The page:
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Viruses, economics and self sufficiency



It’s time we learned a few home truths from all this


Covid-19 is still an unknown enemy. We have no idea where it’s headed, how it might mutate and how many deaths there will be globally before it’s managed effectively and a reliable vaccine is developed. That is worrying enough but very little has been said about the economic impact it will have both in China and across the world.


JCB announced that it is cutting working hours for 4000 employees


Unfortunately, 25% of its Chinese suppliers are still closed. China is Nestle’s second biggest market and I guess it’s inevitable that some impact will be felt in the coming months. It’s a catastrophe like this that demonstrates how symbiotic food production has become. We may well want to be an independent trading nation but we rely on so many other places for the goods that form part of our way of life.


Does that mean therefore that we should reappraise how we live and reconsider how trading behaviours might be amended?


After all, isn’t diversification a sensible way to manage risk and stop over reliance on one supplier, one type of technology or one location? Technology is impacting on rural farms for example that cannot compete with agri-business production. Do we need to amend our shopping habits and see what we can do to support the backbone of our country that is British farming? That doesn’t mean that I think we should lol be out threshing the corn by hand or milking in the fields but we never know when locally produced, traditional and sustainable food might save us.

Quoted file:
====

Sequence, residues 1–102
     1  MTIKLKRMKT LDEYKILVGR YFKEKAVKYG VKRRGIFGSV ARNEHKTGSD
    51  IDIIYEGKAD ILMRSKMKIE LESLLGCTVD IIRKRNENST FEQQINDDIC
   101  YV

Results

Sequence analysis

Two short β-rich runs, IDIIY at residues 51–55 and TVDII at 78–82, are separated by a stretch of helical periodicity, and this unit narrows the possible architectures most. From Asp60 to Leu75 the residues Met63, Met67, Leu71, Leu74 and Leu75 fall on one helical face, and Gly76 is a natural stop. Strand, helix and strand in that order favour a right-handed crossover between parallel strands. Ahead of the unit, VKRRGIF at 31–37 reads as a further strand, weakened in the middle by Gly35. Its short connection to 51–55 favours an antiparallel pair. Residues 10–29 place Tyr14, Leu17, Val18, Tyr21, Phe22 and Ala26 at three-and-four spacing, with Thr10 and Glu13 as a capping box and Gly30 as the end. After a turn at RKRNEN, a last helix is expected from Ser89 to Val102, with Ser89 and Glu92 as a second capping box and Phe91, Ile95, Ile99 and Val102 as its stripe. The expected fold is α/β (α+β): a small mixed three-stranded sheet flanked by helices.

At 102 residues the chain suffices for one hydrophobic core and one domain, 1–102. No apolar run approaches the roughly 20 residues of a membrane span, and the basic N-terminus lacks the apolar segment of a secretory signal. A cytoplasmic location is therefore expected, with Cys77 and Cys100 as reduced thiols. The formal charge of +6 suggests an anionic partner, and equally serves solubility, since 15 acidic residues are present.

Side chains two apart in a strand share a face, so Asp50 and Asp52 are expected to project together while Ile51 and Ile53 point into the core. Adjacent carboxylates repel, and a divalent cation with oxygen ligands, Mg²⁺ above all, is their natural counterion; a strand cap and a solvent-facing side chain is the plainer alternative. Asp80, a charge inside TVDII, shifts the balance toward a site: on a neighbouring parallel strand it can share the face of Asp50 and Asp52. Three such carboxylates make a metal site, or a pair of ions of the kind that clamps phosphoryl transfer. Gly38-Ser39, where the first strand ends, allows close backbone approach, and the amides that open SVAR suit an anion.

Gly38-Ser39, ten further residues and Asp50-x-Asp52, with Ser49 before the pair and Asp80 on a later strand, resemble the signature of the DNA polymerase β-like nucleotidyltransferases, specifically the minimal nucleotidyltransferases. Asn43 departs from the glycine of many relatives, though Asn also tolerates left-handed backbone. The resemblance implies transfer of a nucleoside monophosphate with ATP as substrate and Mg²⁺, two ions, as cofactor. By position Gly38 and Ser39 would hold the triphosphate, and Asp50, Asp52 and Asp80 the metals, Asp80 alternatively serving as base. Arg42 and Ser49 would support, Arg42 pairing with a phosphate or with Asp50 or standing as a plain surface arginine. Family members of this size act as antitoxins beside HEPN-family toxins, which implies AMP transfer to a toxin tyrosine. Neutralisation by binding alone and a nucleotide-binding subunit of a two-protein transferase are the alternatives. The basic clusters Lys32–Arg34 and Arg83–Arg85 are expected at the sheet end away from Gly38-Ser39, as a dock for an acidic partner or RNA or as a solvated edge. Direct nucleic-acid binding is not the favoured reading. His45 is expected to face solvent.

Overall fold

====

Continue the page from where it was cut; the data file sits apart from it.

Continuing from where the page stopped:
The coronavirus has underscored the extent of our connectivity


We are truly globalised but that doesn’t mean we should forget about what is going on our doorstep. There is much we can do to develop our own food technologies, train our own young British citizens and support our producers that are working so hard to increase sustainability, increase quality, increase productivity and create food we all want to eat.



The UK is in a really interesting position right now.


We can fly the flag for even higher welfare standards, innovation and leadership within the food and drink industry. The Coop, for example, has reduced the nitrites in its bacon by 60%. These are used in preservation and have been stripped to the bone in such a way that taste, texture and keeping quality are not compromised. Brewdog has also rolled out a six point sustainability plan. With 50 returned cans you can become a Brewdog Equity Punk.They will also utilise all kinds of cans and use imperfect beer as the basis for beer vodka, thus cutting waste, improving production and creating a new taste sensation. They are also making their brewing knowledge open source, after all, if you brew at home you cut food miles.they also intend to invest £1 million annually to research and help the brewing industry have a positive impact in the world.As Brewdog states in its marketing: ‘ now is the time to be radical in everything we do.’ Surely this is something we should all take on board.


It’s these initiatives that can transform how we consume and produce in the UK and also how the rest of the world views us as a food and drink specialist and high quality producer. We have a marvellous opportunity for a fresh start and a clear vision. It will need an appetite for risk, creativity and top quality training and innovation but these are what we’re already good at, right? What are your thoughts and suggestions?